Exposure concentration was determined as a range of 0.1, 0.25, 0.5, 0.75, and 1.0 mg/L for both the adult 96 h acute toxicity tests and embryo toxicity tests.

2.4. Statistical Analysis

The median lethal concentrations (LC50) and associated 95% confidence intervals (CIs) were calculated by Probit analysis (Probit analysis program, version 1.5.; WEST, Cheyenne, WY, USA). The significant difference of LC50 value was considered to be present if the CI. One-way analyses of variance (ANOVA) followed by Dunnett’s test as a post hoc test were performed for heart rate, hatching rate, and body length data. The results were reported as mean ± standard deviation.

3. Results and Discussion

A representative TEM image of AgNPs is shown in Figure 1(a). The AgNPs employed in this study had a slightly elliptical or multifaceted shape with  nm in size, although a few large particles were present. As prepared for stock suspension, AgNPs were characterized using the DLS method. The calculated size distribution histogram revealed that the size of AgNPs was  nm (Figure 1(b)). The maximum absorbance spectra were around 410 and 400 nm in DW and culture water, respectively, (Figures 1(c) and 1(d)). The measured diameter of AgNPs only slightly changed within a pH range of 3–9, (Figure 1(e)). These data indicate that AgNPs exhibit a homogeneous dispersion in aqueous solutions.

fig1
Figure 1: Physicochemical properties of AgNPs. (a) TEM image of AgNP prepared by dispersing the powder in deionized water. (b) Size distribution (number distribution) of AgNPs measured with ELS. (c) UV absorption spectrum of 10 mg/L AgNPs dispersed in DW. (d) UV absorption spectrum of 10 mg/L AgNPs dispersed in culture water. (e) pH-dependent variations of hydrodynamic sizes and zeta potential of AgNPs.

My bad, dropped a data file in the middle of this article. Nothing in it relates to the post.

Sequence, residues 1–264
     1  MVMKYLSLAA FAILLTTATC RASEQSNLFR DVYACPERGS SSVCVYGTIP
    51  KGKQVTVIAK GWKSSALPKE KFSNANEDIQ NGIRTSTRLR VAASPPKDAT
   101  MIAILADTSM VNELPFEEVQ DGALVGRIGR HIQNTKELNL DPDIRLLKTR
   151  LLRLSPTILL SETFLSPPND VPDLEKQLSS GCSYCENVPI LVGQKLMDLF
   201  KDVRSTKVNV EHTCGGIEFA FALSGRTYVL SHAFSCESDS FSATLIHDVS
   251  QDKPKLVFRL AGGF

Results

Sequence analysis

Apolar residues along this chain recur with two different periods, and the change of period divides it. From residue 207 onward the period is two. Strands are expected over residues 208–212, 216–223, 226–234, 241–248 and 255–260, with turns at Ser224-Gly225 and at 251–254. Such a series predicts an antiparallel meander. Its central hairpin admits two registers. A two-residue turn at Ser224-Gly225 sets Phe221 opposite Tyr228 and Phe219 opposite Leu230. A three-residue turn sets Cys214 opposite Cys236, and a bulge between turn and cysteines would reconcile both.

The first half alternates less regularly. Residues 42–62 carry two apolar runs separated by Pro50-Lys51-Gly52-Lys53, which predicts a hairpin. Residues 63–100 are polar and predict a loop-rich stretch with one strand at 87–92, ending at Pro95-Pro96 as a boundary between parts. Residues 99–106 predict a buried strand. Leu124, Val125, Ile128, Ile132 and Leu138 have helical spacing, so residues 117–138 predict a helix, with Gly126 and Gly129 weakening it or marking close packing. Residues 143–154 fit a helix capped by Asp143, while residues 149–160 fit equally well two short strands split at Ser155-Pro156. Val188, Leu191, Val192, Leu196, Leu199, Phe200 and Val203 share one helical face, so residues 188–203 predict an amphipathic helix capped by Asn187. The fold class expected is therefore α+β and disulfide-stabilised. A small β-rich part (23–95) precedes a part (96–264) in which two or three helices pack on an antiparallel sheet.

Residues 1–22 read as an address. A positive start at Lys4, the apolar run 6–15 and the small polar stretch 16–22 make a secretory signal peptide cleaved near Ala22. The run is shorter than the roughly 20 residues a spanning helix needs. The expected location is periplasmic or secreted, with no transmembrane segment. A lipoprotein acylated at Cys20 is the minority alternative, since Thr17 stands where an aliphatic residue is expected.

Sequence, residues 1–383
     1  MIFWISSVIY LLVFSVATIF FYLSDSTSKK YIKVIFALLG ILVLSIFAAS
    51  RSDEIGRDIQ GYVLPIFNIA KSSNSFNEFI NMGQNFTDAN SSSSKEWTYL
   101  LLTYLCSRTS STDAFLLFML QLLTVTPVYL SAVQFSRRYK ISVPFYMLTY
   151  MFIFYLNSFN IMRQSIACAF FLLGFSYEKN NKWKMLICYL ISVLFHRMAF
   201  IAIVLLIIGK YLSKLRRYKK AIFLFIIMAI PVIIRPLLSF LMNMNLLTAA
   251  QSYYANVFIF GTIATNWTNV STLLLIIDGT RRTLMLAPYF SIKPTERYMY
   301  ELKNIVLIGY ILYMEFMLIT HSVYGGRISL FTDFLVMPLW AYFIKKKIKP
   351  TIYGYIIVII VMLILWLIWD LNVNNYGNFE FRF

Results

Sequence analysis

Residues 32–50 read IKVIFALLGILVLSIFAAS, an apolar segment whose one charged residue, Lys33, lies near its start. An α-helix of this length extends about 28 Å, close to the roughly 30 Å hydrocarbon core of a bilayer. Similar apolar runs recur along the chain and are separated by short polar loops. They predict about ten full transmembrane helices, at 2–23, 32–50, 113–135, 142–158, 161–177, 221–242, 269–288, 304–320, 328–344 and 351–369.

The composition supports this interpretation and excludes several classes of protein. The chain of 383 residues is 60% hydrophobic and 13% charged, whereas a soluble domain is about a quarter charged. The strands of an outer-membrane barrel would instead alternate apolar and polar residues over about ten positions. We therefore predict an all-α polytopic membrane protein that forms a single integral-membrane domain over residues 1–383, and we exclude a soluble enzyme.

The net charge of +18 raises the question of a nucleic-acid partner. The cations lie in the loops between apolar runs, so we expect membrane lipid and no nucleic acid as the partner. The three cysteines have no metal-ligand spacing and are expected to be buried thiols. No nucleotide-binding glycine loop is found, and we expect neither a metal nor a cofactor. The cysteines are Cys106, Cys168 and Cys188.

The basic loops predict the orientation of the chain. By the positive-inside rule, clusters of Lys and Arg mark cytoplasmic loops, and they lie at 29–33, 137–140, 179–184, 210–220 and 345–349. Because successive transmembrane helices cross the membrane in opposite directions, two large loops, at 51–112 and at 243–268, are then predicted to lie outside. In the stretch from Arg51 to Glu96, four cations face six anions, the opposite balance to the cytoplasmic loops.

Table S1 (see Table  S1 and Figure  S1 in Supplementary Material available online at http://dx.doi.org/10.1155/2013/494671) showed the acute toxicity of AgNP to adult and embryo medaka. LC50 values after 96 h exposure were calculated as 0.84 mg/L (CI: 0.67–1.00). In comparison, the acute toxicity level for adults was 0.80 mg/L (CI: 0.65–0.96). The present study demonstrates that the AgNPs used here were acutely lethal to both embryo and adult medaka. Many studies have reported variable acute toxicity levels of AgNPs on teleosts, with LC50s ranging from 0.0346 to 250 mg/L, depending on species and exposure duration (Table 1). Previously, the 96 h AgNP LC50 value was reported to be 0.0346 mg/L in medaka exposed to AgNPs with a size of 49.6 nm in suspension [20]. In another study on medaka, Wu et al. [24] reported that the 48 h LC50 value for 20–37 nm AgNPs was 1.03 mg/L, which was higher than the value found by Chae et al. [20], indicating lower toxicity. In Danio rerio, the LC50 value was 250 mg/L (24 h exposure, undefined) [26], 0.084 mg/L (48 h exposure, 0.2% polyvinyl pyrrolidone (PVP)-coated, 73.55 nm) [25], and 7.07 mg/L (48 h exposure, uncoated, 44.5 and 216 nm) [17]. The 96 h LC50 values for Pimephales promelas were 0.0894 and 0.0461 mg/L, respectively, for 10 nm uncoated AgNP [29]. For embryos, the 96 h LC50 value for P. promelas was 10.6 mg/L for ≤100 nm uncoated AgNPs [13], which was far less toxic than that found for medaka (LC50 value = 1.39 mg/L, uncoated, 3.6 nm nominal size) by Kashiwada et al. [7] and the current study. For D. rerio fry, 96 h LC50s of uncoated AgNP, monodispersed AgNP, and PVP-AgNP were 0.210, 0.088, and 0.162 mg/L, respectively [30]. In another study on D. rerio, the LC50 values for AgNPs of 3, 10, 50, and 100 nm were suggested 10.07, 13.55, 13.69, and 14.81 mg/L, respectively [31]. These results indicate that AgNPs with different sizes and coating agent conditions (i.e., with and without coating) could deliver different degrees of toxicity for different developmental stages of teleosts under different exposure times. To date, however, few studies have produced definitive evidence on why this is so, and on the mechanism of toxicity.